Photo courtesy of IMSA

Bell, Sweedler return ‘home’ to Scuderia Corsa for NAEC effort

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Longtime co-drivers Townsend Bell and Bill Sweedler, who won the 2015 IMSA WeatherTech SportsCar Championship GT Daytona class championship with Scuderia Corsa, will return to Giacomo Mattioli’s team for another time in IMSA competition. Bell is an analyst for NBCSN’s coverage of the Verizon IndyCar Series.

Bell and Sweedler lead the team’s Tequila Patron North American Endurance Cup effort for the four endurance races on the calendar, and will share their No. 64 Ferrari 488 GT3 with Frankie Montecalvo for all of those four and Sam Bird for the Rolex 24 at Daytona. Bell, Sweedler and Montecalvo shared an Audi R8 LMS with Alex Job Racing this season in the endurance races.

Bell and Sweedler have also enjoyed great success with Scuderia Corsa racing at the 24 Hours of Le Mans the last three years. They won the GTE-Am class co-driving with Jeff Segal in 2016, and have been on the podium in both 2015 and 2017 co-driving with Segal and Cooper MacNeil, respectively.

The team’s primary No. 63 car will see MacNeil and Alessandro Balzan co-driving for the full season, with Gunnar Jeannette third driver and Segal the fourth driver for Daytona. The No. 63 car has won three straight GTD championships, with Bell and Sweedler in 2015 and then Balzan and Christina Nielsen each of the last two.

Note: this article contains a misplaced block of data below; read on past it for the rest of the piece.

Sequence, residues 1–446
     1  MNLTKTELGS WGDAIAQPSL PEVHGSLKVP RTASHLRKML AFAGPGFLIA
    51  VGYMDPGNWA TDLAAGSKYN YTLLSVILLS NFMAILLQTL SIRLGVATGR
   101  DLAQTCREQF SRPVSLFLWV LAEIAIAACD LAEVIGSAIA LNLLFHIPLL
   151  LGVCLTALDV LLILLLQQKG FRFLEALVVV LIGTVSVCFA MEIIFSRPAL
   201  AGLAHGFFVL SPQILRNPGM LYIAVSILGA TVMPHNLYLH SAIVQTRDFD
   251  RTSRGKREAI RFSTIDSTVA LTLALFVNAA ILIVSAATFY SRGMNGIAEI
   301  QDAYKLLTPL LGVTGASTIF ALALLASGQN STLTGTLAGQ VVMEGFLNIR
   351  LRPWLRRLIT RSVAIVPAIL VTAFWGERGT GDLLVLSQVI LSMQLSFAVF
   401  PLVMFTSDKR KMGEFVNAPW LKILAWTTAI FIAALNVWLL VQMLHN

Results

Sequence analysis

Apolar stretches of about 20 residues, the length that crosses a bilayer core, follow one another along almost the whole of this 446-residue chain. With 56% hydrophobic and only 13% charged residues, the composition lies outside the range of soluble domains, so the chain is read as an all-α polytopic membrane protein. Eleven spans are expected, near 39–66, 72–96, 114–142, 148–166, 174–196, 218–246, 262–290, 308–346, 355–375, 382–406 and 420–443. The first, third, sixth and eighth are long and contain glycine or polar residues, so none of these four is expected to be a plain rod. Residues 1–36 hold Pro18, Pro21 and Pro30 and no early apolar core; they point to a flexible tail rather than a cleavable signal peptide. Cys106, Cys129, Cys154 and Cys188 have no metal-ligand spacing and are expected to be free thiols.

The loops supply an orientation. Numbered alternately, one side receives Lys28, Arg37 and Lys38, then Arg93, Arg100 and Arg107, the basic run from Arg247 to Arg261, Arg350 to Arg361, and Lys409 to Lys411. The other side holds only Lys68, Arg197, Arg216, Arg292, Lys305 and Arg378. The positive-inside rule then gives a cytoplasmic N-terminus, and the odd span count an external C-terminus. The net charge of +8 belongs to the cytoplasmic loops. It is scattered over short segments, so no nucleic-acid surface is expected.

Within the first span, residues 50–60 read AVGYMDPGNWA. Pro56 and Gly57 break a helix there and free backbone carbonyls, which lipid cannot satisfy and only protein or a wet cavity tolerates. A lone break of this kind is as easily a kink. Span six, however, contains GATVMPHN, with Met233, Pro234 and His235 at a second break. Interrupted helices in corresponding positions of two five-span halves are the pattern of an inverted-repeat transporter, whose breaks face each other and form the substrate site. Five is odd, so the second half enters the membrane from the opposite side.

“The return of Townsend and Bill to our organization is a testament to the quality of our relationship, and the addition of Frankie Montecalvo should be a great contribution,” stated Mattioli. “Combined with Sam Bird for Daytona and all of our resources, we’re very confident in a great showing and fighting for the best results possible.”

Bell said, “It almost goes without saying that Scuderia Corsa is one of the best teams in the business. Our IMSA championship, our Le Mans victory, are all directly attributed to their program, and we hope to repeat the same success this year. It’s the most competitive era in the history of IMSA, but we’re confident we can be right in the mix.”